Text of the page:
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    Stepping Up: Out of Kindergarten and into Primary


    21 Jun, 2019

    10 : 00

    • As summer break approaches, little learners from Beijing to Britain and everywhere in-between are preparing to step up to a new challenge, Primary School. At Yew Chung International School of Beijing (YCIS Beijing) we have been working to ready our Year 4 Kindergarten scholars for the transition to Year 1 of Primary for several months now. While our devoted educators will continue to shepherd our little learners through this transition during the first few months of the 2019-2020 school year, we are enlisting our most dedicated, effective reserve forces to continue this critical work over the summer months, parents.

      Following our recent Year 1 Information Session, for parents of K4 students, we spoke with Mr James Sweeney, Vice-Principal & Head of Primary. Mr Sweeney shared useful tips for parents on how they can support and smooth the path from Kindergarten to Primary School for transitioning little ones.

      1. Talk and ReadTalk to your child throughout the summer about transitioning from Kindergarten to Primary School. Try to help them understand the main changes that are to come, and do your best to answer any questions they have.

      Reading to your child is one of the most important things you can do to ready them. Especially during the summer break. The language doesn’t matter. In fact, reading to them in your mother-tongue is essential and shouldn’t be skipped in favour of English. Reading to them daily will help in developing their attention spans, focus, critical thinking, self-regulation, and vocabulary. All essential for success in Primary School.

      2. Independence and Social SkillsCreate opportunities for your little ones to practice autonomy and regularly interact with their peers. For example, during their daily routines, have them:• dress themselves• pack and unpack their bag (lunch bag, toy bag, backpack, etc.)• straighten up after themselves (i.e. put their things away without help after playing, take their own dishes to the sink after meals, etc.)• play in groups (make time for playing with other children)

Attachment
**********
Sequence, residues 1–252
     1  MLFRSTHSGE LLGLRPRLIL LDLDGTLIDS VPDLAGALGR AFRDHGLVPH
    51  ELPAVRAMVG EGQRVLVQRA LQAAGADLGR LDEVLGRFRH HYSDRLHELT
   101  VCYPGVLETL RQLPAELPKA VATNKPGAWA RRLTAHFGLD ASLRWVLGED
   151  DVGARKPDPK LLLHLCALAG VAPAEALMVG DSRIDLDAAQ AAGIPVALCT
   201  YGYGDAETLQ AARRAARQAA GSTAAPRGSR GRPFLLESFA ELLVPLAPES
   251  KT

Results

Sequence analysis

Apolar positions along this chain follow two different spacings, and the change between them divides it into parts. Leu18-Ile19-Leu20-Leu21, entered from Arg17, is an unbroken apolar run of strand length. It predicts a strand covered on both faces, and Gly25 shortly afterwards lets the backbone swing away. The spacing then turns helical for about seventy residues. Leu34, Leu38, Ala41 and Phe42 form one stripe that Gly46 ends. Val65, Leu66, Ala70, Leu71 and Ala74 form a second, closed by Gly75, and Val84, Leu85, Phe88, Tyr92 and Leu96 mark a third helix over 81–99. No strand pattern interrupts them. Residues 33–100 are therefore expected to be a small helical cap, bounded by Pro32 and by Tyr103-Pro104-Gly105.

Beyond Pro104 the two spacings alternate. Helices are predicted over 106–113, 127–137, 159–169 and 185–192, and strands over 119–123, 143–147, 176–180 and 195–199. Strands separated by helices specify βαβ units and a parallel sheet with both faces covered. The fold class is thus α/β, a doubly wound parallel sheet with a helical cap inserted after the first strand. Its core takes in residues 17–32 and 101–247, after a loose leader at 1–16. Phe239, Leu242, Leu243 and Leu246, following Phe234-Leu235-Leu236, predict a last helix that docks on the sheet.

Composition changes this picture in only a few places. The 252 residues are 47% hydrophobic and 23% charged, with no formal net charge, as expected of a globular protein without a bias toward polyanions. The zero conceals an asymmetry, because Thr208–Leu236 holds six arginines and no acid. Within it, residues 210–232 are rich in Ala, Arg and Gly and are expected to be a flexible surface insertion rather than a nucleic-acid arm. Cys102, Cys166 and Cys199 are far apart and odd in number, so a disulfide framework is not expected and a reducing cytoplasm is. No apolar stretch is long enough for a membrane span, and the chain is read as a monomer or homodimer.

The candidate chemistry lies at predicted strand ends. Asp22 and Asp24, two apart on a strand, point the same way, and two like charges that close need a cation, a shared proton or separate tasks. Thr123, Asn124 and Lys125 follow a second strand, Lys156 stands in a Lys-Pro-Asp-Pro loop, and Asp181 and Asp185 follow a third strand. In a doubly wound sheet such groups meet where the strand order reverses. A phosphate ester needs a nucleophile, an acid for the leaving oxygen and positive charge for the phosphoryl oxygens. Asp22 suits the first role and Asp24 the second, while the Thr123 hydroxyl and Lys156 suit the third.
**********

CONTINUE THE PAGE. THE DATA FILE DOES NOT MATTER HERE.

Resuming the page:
3. Play and ExploreLet your child learn through play and experiences. Create a fun environment for your child and take advantage of opportunities for learning as they emerge while you play. Also, help them explore the world around them with visits to parks, museums and other fun outings. Be sure to engage your child in conversation during these adventures to create learning opportunities.

      4. Avoid Common MistakesWhile we all want the best for our children, it’s hard to always get it right. A few common mistakes to avoid during this critical phase of your child’s life are:• Too much pressure: each child is unique and learns at their own speed. Respect that and work with them accordingly. Look for their strengths and focus on developing those the most.

      Abandoning mother tongue: English is a great tool that can open many doors for children as they grow, but it is not more valuable or important than their mother tongue. Keep talking and reading to your child in their native tongue and incorporate English into these interactions. They will learn best when their native tongue is respected and nurtured alongside the new language(s) they are introduced to.

      Overscheduling: Summer goes fast. Take this precious time to enjoy the break with your child. Fun should be top priority, with reading priority number two.

      Click here to download a printable copy of the reading list prepared by Mr Sweeney and his Co-Principal of Secondary, Mrs April Peng.